During his meditation, Siddhartha was severely tempted by Mara, the evil one. Siddhartha resisted the temptations, though, and after a period of time (some say one night, others as many as 49 days) he attained enlightenment and became the Buddha,which means “the enlightened one.” (From now on this profile will refer to Siddhartha as Buddha.) Bodh Gaya is now the site of the holiest shrine in the Buddhist world, the Mahabodhi Temple.

Buddha called his path to enlightenment the Middle Way, because it avoided the extremes of affluence and asceticism, both of which had caused suffering. Shortly after his enlightenment, Buddha traveled to Benares, and in the Deer Park he preached his first sermon—the contents of which have come to be known as the Four Noble Truths. Eventually, he won thousands of followers, who formed communities called sangrias.

After 45 years of spreading his message, Buddha died, probably as a result of food poisoning. His last words were, “Decay is inherent in all component things! Work out your salvation with diligence” (Humphreys, p. 41).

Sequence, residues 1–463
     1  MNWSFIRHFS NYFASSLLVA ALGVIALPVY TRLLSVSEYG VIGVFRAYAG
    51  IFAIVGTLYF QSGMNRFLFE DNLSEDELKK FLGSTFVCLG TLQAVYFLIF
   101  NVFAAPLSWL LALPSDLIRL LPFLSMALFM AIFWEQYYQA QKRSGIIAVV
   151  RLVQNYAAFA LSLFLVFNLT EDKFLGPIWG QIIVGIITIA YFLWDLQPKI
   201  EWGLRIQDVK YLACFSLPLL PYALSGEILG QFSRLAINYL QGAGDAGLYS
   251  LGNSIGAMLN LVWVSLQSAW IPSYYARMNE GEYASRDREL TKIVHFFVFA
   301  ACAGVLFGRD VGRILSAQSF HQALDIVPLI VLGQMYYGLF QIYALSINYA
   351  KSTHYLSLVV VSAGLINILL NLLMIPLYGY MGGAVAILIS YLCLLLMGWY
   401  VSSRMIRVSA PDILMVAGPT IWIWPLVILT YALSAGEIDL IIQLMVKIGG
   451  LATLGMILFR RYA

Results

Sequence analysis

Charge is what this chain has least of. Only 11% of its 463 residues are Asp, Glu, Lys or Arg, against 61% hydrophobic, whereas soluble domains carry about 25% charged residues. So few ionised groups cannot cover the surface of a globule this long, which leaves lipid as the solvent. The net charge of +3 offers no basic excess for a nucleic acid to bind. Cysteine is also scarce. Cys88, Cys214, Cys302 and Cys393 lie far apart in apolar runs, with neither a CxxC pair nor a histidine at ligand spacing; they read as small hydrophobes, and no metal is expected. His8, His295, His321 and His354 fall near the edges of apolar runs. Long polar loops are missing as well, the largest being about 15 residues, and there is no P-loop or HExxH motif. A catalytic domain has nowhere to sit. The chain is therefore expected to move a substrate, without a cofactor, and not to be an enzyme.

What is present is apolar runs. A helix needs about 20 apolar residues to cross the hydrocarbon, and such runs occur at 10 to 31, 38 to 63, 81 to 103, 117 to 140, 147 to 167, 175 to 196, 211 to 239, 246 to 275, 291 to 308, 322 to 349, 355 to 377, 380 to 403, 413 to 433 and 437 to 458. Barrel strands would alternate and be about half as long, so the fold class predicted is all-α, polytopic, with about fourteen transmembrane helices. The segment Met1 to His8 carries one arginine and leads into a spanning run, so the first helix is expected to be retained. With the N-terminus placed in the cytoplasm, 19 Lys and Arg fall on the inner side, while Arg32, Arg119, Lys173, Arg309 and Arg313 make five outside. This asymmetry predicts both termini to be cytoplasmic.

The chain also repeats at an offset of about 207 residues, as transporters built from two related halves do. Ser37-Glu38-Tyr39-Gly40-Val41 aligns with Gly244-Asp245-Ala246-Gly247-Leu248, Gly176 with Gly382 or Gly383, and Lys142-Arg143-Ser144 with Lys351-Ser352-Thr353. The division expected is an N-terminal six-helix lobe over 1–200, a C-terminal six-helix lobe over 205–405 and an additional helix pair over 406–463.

The Spread of and the Splits within Buddhism

For two centuries Buddhism did not spread beyond the borders of India. Then came King Ashoka, who ruled India from 274-232 B.C. Ashoka was a warriorking who, during one battle, became so revolted by the bloodshed that he resolved to renounce all such fighting. He subsequently converted to Buddhism and devoted himself and his resources to its propagation. Ashoka commissioned Buddhist missionaries to go to the other parts of India as well as to Syria, Egypt, Cyrene, Greece, Sri Lanka, Burma, and Thailand.

Around this same time a major division began to develop within Buddhism. The primary issue was whether enlightenment is accessible to everyone or to only a few. Those Buddhists who said enlightenment is accessible to everyone were called “Mahayana,” or “the greater vehicle”; and those who said it is accessible to only the committed few (for instance, monks) were called “Hinayana,” or “the lesser vehicle.” Being offended by the negative connotation of the term Hinayana, the latter began to refer to themselves a Theravada Buddhists, which means “the teaching of the elders.”